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salaries in order to be able to pay back their loans. Another study by the State PIRGs’ Higher Education Project specifically looked at the effect of student debt on the teaching profession and social work (two traditionally low paying public service sector jobs). Nationally, among public university graduates, 23% and 37% would have unmanageable student debt if they entered the teaching and social work fields, respectively. For private institution graduates, the percentages jump to 38% for teaching and 55% for social work. For Illinois, the percentages were slightly better. The authors note that although only two public sector jobs were studied, they can serve as proxies for a whole range of low paying, but socially valuable professions like the arts, non profit community work, the ministry and journalism.15 These are not the only types of career choices that can be affected. For example, a medical school graduate with $100,000 of debt is probably more likely to be attracted to a high paying city practice rather than a lower paying rural or low income area practice. Law graduates with high debt are probably more likely to be attracted to a high paying corporate position as opposed to a public service legal clinic, a public defender or assistant state’s attorney position. RECOMMENDATIONS: First, we would like to propose an extension to our last report on the desirability of improving the quality of our state’s elementary and secondary education teachers. Teaching as a socially valuable occupation needs to be able to attract the best students into the profession. High and climbing levels of student debt and low salaries for beginning teachers actively discourage students from even considering teaching, especially the very brightest students who have many options, most of them better paying, before them. We would propose, then, the following: The Faculty Advisory Council is aware of current scholarship programs such as the Golden Apple Scholars of Illinois, Minority Teachers of Illinois Scholarship Program, Illinois Future Teacher Corps Program, Illinois Special Education Teacher Tuition Waiver Program, and Nursing Education Scholarship Program. Nonetheless, based on a comprehensive evaluation of these and similar loan forgiveness and scholarship programs, we believe that the Board should seek sponsors for legislation that would build upon the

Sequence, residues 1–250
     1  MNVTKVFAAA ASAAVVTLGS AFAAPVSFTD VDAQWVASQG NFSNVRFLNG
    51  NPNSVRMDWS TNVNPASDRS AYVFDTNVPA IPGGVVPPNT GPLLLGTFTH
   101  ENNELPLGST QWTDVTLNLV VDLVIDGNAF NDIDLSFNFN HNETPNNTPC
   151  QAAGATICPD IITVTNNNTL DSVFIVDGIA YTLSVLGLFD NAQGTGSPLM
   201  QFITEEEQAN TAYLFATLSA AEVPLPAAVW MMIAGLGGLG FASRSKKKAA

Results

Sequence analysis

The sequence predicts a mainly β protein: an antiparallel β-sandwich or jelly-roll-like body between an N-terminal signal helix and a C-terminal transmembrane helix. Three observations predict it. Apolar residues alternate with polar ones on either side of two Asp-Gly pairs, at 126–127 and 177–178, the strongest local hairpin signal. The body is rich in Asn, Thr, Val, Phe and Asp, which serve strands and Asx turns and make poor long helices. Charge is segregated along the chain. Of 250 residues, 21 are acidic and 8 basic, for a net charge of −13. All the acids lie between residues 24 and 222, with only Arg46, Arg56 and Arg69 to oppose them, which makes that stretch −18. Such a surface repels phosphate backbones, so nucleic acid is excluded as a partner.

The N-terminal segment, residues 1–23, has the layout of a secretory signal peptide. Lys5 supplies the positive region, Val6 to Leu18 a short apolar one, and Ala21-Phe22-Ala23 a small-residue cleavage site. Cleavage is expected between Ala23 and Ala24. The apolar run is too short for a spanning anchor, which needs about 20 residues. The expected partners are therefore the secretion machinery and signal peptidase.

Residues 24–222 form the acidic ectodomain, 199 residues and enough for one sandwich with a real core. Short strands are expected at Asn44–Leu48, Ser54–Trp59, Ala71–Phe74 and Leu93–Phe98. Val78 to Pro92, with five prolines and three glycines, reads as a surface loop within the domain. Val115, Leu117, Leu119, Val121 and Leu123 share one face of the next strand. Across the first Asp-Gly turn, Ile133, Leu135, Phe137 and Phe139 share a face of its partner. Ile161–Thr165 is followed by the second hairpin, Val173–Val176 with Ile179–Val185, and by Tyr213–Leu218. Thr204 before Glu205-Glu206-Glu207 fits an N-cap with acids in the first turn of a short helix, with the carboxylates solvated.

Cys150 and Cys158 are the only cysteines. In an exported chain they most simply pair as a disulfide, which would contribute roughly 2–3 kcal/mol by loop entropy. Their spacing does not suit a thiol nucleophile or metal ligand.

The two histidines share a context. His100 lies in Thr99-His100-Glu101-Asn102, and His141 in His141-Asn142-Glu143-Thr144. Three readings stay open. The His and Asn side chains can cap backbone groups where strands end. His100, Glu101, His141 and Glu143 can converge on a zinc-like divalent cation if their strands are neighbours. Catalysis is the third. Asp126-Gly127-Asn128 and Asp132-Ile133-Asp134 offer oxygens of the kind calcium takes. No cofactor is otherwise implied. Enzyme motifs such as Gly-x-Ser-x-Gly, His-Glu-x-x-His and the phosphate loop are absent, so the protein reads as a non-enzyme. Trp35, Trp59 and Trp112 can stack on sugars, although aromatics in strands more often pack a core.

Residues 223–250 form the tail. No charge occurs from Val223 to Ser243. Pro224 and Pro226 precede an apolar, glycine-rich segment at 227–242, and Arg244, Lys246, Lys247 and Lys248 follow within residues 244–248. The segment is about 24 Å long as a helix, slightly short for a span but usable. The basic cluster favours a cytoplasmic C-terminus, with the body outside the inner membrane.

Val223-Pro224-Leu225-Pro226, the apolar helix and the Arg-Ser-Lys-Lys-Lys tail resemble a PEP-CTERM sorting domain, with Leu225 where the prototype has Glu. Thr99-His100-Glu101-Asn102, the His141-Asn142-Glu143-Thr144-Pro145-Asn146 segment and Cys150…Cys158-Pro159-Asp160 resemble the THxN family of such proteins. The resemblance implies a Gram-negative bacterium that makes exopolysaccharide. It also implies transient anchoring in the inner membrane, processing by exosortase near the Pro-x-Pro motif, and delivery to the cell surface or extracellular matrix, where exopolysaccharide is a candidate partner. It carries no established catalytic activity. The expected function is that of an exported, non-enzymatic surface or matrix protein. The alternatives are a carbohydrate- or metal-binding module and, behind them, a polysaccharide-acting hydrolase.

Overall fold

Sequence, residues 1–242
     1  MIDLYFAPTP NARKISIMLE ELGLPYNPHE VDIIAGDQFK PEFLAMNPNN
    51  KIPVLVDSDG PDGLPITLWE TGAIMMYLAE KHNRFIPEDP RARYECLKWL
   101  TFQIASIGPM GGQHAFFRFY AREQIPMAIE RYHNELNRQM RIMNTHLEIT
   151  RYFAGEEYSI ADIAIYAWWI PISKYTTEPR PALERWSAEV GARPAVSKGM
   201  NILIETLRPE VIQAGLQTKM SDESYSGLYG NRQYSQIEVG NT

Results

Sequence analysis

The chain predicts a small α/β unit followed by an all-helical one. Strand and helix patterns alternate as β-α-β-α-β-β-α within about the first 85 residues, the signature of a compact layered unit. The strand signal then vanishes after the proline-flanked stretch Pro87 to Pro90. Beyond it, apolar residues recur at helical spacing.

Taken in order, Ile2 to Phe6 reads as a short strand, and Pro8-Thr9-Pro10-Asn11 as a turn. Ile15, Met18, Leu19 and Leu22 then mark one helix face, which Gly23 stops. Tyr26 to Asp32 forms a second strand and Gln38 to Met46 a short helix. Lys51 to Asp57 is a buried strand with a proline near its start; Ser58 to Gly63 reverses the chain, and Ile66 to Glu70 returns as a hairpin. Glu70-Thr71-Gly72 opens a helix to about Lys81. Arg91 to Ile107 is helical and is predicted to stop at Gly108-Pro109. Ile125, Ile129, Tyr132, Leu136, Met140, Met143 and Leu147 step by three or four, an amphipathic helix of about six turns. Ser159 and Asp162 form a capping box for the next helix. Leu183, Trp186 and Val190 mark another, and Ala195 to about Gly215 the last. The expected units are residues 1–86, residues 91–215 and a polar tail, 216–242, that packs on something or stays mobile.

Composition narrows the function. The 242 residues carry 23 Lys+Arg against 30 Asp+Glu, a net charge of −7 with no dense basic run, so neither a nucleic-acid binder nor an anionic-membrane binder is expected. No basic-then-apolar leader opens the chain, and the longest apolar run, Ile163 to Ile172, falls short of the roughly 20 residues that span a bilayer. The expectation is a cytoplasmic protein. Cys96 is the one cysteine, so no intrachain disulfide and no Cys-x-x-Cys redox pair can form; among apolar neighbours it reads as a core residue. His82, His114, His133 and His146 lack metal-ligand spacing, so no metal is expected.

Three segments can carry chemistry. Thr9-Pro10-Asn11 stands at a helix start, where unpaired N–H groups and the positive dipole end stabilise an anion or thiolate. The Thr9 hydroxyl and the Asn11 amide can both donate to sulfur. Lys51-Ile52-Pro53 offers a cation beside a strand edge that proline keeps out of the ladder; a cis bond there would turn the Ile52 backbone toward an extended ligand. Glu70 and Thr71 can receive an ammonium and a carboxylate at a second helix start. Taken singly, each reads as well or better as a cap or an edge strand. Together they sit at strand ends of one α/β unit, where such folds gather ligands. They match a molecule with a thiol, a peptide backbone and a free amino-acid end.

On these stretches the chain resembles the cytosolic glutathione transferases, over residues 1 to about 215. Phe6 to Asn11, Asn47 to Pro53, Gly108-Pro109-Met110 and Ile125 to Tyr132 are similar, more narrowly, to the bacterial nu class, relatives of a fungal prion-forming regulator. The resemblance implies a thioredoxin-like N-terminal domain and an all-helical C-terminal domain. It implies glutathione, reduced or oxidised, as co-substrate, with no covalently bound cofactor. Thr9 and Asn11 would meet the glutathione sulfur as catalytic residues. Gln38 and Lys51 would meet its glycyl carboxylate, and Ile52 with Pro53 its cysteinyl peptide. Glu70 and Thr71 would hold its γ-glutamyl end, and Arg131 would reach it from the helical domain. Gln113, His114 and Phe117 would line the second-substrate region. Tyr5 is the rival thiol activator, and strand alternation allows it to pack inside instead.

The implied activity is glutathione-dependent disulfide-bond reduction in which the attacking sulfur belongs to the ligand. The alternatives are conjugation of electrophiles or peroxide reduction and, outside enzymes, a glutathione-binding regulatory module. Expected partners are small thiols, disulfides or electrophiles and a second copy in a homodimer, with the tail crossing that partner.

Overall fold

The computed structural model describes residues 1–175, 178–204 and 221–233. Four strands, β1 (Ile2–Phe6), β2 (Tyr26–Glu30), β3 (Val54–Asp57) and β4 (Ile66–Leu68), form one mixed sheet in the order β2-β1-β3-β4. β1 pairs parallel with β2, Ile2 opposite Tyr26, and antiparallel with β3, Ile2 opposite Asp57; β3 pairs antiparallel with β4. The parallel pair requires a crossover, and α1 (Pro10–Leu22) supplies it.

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Luke Swarthout, Paying Back, Not Giving Back: Student Debt’s Negative Impact on Public service Career Opportunities (April 2006), available at http://pirg.org/highered/payingback.pdf, last visited October 31, 2006.

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strengths of these programs to create a loan forgiveness program for graduates who take positions in elementary or secondary teaching, or who take positions in low paying positions in other socially valuable professions like social work, the arts, non profit community work, journalism, and nursing. A debt forgiveness program would remove one of the financial barriers for students seeking to enter low paying but socially valuable professions. The Board should also investigate innovative programs that have been proposed or instituted in other states. These include: -The proposed Iowa “Learn and Earn College Program”. Students who go to an Iowa institution sign an agreement to work in Iowa for at least seven years. If the graduates fulfill their agreement, their student loans are paid by the state. -Georgia’s HOPE plan. This is a universal merit scholarship program. All participating schools would be reimbursed at 90% of their published tuition and fees or 90% of the highest state tuition and fees, whichever is lower. -The proposed “Wisconsin Covenant”. Eighth grade students would formally promise to maintain a B average, stay out of trouble, and take college prep courses. If the promises are fulfilled, the state would provide a (means tested) financial aid package to pay tuition at any private, public or technical institution in the state. SUMMARY The recommendations above are intended to relieve only some of the most socially worrisome symptoms created by rising tuition and rising levels of student debt for low and middle-income students. These students seek nothing more than to ensure their own future and the future of the state through higher education. The state is a huge benefactor of an educated public through increased revenue, a more informed citizenry, and lower social costs (for prisons, welfare, and drug rehabilitation, etc). The burden for providing these socially desirable ends should not fall disproportionately on the backs of the students themselves.